Rights worth fighting for

Rights and laws are not natural or granted by God or a “system”, they are fought and paid for with human courage, blood and sacrifice

This is in response to Mark Walker’s column ‘This is what democracy looks like.’

African Americans were granted equality rights as individuals under the Fifteenth Amendment to the United States Constitution. For close to 90 years after, African Americans endured systematic violence, racial segregation and social discrimination until the civil rights movement manifested and allowed them to assert their rights to be recognized as human beings. So Mark Walker’s assertion that the “system” grants and guarantees rights to minorities is a fallacy. People fought and died to be recognized as human beings under a oppressive system. They had to assert themselves as human beings; they had to force the system to change.

Near the end of his life, Martin Luther King began to understand that without economic equality there can be no political or social equality within the system. America has a black President, but in America, African Americans as a minority make up about 39 per cent of the prison population, they have a better chance of going to prison than to school. African Americans also suffer from higher rates of poverty, homicide and unemployment, and these problems can be directly correlated to economic conditions and inequality.

So when Mark Walker talks about minority rights under the present system, he’s not talking about gender, race or sexual orientation. He’s talking about the rights of the economic minority, the Weyerhaeusers, Wal-Marts, MacDonalds, Boeings and Exxon Mobiles of the world to turn a profit at the expense of people, the natural world and future generations, ie. the majority, sounds kind of totalitarian to me.

But this is how the political and judicial systems were setup in U.S.; to favour those with money, to favour the powerful. This is why you have Americans from all walks of life occupying Wall Street, the very heart of global power and privilege. People have had enough. People like Scott Olson, an Iraqi war veteran, who was shot in the head with a rubber police bullet for demonstrating against economic inequality in Oakland. This battle, this thread goes all the way back to the founding of the U.S.A. and then some. Rights and laws are not natural or granted by God or a “system”, they are fought and paid for with human courage, blood and sacrifice. History is filled with these examples, the Occupy Movement being the latest manifestation.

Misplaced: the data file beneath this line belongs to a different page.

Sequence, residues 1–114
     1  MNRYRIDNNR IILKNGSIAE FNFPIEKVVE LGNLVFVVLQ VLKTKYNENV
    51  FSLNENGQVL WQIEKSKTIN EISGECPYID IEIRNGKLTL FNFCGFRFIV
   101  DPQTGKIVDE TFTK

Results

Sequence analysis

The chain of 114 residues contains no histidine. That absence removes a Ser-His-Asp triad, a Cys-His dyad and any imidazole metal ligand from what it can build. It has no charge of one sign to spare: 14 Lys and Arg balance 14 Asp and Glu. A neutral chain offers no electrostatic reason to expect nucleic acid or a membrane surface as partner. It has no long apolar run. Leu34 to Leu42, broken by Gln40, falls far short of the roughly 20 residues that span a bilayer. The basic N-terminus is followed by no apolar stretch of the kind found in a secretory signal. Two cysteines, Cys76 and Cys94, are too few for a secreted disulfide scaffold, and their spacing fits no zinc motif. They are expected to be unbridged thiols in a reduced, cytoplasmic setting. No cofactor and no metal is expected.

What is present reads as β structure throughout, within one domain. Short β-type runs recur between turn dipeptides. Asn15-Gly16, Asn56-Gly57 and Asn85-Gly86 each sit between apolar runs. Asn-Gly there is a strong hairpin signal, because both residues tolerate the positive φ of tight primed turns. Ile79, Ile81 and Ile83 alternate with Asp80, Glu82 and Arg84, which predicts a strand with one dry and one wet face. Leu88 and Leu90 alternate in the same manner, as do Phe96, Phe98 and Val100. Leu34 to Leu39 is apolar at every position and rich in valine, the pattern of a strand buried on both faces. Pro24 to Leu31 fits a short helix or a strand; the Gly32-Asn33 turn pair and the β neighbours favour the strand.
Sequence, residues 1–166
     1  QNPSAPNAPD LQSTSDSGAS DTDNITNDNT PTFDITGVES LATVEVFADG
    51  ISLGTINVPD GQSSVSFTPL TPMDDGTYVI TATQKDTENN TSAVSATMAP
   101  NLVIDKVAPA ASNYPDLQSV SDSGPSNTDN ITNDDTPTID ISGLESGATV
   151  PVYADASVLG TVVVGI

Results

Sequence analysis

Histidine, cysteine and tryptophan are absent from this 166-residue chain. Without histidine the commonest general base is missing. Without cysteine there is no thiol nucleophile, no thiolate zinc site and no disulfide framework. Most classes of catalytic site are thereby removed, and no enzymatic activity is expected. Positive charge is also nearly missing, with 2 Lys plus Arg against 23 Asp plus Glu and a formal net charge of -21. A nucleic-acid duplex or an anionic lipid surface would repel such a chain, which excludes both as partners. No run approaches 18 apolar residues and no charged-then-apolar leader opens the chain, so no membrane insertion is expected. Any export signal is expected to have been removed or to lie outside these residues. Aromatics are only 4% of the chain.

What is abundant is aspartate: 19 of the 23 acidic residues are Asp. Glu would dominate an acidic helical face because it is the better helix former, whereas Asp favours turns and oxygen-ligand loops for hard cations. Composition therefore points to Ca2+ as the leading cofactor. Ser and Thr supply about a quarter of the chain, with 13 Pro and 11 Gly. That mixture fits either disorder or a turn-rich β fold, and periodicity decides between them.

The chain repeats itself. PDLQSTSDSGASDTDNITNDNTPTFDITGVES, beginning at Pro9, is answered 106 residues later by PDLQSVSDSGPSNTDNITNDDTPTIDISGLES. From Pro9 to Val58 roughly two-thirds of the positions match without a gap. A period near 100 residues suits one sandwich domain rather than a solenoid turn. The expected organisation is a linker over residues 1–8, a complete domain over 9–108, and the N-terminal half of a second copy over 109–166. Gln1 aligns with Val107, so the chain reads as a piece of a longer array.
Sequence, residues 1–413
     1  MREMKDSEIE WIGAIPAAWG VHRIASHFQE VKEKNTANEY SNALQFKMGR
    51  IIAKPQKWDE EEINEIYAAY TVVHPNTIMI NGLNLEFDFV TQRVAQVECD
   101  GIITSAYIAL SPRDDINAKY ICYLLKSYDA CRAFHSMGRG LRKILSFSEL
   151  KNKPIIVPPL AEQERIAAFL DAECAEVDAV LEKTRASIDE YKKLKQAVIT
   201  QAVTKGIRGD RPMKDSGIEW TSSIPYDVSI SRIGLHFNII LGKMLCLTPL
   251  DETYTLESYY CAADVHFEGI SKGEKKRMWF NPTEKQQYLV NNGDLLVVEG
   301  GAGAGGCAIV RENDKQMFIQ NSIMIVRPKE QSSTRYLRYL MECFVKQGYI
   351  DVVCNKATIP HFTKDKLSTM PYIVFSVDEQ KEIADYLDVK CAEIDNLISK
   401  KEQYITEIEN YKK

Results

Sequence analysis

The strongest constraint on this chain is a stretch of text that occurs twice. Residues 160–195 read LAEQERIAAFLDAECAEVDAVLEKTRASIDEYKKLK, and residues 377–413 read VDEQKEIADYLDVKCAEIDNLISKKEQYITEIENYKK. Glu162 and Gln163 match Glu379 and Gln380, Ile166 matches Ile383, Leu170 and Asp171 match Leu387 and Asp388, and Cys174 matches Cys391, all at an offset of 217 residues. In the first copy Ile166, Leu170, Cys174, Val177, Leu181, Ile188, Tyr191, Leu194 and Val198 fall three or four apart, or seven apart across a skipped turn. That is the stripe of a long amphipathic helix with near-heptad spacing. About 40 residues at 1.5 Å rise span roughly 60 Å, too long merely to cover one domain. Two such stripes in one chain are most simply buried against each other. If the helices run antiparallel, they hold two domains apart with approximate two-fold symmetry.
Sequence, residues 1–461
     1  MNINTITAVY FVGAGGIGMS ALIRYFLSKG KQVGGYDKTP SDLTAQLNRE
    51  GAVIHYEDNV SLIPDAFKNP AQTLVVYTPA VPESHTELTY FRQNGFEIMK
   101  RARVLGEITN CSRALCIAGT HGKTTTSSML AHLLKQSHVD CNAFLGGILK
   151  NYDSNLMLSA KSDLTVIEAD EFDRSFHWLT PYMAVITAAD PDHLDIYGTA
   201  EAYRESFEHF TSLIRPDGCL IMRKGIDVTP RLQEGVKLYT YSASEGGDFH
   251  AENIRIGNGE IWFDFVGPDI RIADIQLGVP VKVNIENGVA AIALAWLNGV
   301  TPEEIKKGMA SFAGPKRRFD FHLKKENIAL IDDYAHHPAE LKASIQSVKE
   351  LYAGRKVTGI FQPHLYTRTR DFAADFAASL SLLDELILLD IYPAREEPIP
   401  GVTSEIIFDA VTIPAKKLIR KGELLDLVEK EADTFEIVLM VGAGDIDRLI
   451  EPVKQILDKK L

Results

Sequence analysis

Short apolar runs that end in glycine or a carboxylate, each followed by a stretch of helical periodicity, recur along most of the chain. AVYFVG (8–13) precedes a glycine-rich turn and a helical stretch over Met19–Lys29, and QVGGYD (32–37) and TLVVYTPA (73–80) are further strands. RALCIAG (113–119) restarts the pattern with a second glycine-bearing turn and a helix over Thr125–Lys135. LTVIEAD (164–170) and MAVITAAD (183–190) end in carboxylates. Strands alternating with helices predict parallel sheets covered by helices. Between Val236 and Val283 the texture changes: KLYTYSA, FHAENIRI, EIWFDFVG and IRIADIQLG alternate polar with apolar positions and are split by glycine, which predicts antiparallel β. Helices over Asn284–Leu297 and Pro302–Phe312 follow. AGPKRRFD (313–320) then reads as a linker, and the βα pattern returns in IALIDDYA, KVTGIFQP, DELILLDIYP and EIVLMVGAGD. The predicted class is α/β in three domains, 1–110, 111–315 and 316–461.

Cody Young





Just Posted

Six inducted into BC Hockey Hall of Fame in Penticton

The 26th ceremony welcomed powerful figures both on and off the ice

Peach Classic Triathlon

While Penticton contemplates changes in the long-distance triathlon community with Ironman returning… Continue reading

Armchair Book Club: Delving into the threat of big tech

Heather Allen is a book reviewer for Black Press that lives in the Okanagan

Okanagan-Shuswap weather: Showers to start weekend, sun returning soon

Environment Canada forecasts rain on Saturday and the heat returning next week

UPDATE: Penticton resident’s dog found safe

Nicholas Bozak thanks the public for finding his 17 month old mastiff chow

July showers wash out half of the Okanagan’s cherry crop

Cherry growers say this is the worst season they’ve seen in decades

Canadian high school science courses behind on climate change, says UBC study

Researchers found performance on key areas varies by province and territory

COLUMN: Looking back to a time of optimism

The first lunar landing 50 years ago was a time to celebrate dreams and accomplishments

RCMP investigate two shootings in the Lower Mainland

Incidents happened in Surrey, with a victim being treated at Langley Memorial Hospital

CRA program to help poor file taxes yields noticeable bump in people helped

Extra money allows volunteer-driven clinics to operate year-round

Okanagan e-scooter company foils robberies

OGO Scooters staff helped return stolen property three times in 1st week of operations in Kelowna

Olympian brings women empowerment in sports to the Okanagan

Two-time medalist Natalie Spooner joined the Girls Rock the Rink event in Kelowna

Column: Understanding weather patterns a key to a successful garden

Columnist dives into Okanagan urban agriculture

Most Read